• Estimate reads vs. writes percentage.
    • How much data are written per second?
    • Total storage required over 5 years.
    • How much data reads per second?
    • Keep the 80/20 rule in mind when estimating.
  • Quality Attribute Scenarios generate Quality Attribute Requirements
    • Based on them we get Quality Attributes
    • Quality Attribute Scenario structure
      • Source
      • Stimulus*
      • Artifact
      • Environment*
      • Response*
      • Response measure
    • Types to consider
      • Use cases – anticipated uses of the system
      • Growth – anticipated changes to the system
      • Exploratory – unanticipated stresses to the system

Quality Attributes samples:

  • Availability
    • Does the mechanism have to support the failure of the external entity?
    • Does the mechanism have to guarantee delivery?
  • Performance
    • Is the communication with the external entity sensitive to system latency or throughput?
  • Security
    • Is the communication with the external entity subject to a Threat?
  • Modifiability
    • Will the external entity change?
    • Will the information being communicated change?
  • Testability
    • How will the communication be tested?
    • Can the data be played back for testing?
  • Usability
    • If the external entity is a user, are any of the usability crosscutting scenarios relevant?
  • Reliability
    • ensures the integrity and consistency of the application and all its transactions
  • Resilience
    • the ability to bounce back from failure to continue to offer some level of performance (possibly less than original)
  • Safety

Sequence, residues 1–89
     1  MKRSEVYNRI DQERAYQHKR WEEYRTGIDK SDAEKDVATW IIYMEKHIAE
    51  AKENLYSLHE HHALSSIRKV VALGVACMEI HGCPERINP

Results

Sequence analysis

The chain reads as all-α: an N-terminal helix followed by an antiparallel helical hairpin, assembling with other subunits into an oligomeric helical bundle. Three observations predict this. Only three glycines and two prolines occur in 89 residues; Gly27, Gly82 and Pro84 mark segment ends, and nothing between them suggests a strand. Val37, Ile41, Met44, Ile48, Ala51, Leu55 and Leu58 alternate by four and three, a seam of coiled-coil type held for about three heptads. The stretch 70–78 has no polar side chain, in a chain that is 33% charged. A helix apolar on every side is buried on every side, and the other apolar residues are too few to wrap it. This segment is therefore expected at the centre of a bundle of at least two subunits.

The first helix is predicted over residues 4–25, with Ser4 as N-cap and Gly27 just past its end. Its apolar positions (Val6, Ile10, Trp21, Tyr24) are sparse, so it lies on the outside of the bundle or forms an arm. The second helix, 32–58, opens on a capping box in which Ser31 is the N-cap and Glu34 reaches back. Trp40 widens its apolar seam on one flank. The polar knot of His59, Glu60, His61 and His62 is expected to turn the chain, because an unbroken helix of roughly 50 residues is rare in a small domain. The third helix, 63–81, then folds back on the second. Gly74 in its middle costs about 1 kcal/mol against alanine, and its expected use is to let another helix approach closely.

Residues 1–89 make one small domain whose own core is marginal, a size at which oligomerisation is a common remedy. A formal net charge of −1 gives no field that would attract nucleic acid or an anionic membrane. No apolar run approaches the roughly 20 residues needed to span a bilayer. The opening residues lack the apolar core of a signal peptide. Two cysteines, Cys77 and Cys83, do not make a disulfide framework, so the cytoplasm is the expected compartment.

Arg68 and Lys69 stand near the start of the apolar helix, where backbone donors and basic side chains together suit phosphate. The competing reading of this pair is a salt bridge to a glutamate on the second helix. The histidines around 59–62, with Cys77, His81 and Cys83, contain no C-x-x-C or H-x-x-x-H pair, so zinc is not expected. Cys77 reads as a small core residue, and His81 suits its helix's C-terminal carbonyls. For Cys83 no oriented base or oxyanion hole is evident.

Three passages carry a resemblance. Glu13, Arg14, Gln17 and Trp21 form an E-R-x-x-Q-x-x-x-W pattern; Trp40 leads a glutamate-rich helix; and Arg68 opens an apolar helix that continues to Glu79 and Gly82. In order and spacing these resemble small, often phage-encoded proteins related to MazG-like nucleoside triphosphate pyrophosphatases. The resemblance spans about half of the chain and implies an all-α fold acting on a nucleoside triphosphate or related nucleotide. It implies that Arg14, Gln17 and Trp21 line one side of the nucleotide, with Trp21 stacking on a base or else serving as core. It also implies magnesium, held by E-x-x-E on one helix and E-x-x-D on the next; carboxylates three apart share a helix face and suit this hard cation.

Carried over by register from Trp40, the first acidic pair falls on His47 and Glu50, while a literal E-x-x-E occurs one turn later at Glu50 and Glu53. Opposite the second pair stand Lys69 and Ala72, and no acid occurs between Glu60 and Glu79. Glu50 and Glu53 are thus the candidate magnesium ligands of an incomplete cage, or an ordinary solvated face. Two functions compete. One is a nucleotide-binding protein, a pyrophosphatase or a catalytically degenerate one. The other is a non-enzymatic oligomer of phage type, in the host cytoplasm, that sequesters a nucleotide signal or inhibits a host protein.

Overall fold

• ability to avoid entering states that cause or lead to damage, injury, or loss and to recover and limit the damage when it does enter into bad states
  • Monitorability
    • The ability of the operations staff to monitor the system while it is executing
  • Portability
    • how easy software built to run on one platform can be changed to run on another
  • Interoperability
    • The degree to which two or more systems can usefully exchange information via interfaces in a particular context
  • Extensibility
    • the ability to add additional functionality or enhance existing functionality without impacting existing functionality
  • Evolution
    • The ability of the system to be flexible in the face of inevitable change after development
  • Manageability
    • system monitoring of the QA requirements and the ability to change the system configuration to improve the QA dynamically without changing the system.
  • Maintainability
    • the ability to correct flaws in the existing functionality without impacting other components of the system.

PASSME acronym for Non-Functional Requirements (NFRs):

  • Performance
  • Availability
  • Scalability
  • Security
  • Maintainability
  • Extensibility

QAW (Quality Attribute Workshop) 

  • Input
    • Stakeholders & Architect
    • 3-5 Business Goals from the prioritized list from part 1
    • Architectural Plan
  • Output
    • Refined Quality Attribute Scenarios
  • Steps
    1. QAW Presentation and Introductions
    2. Business/Programmatic Presentation 
    3. context + constraints + plan for development
    4. Architectural Plan Presentation (as it is at this moment)
    5. Identification of Architectural Drivers (qualities)
    6. Scenario Brainstorming
    7. Scenario Consolidation
    8. Scenario Prioritization
    9. Scenario Refinement

📑 Step 3: Practice of Designing Architectures

  • Concepts
    • Design of a system = sequence of decisions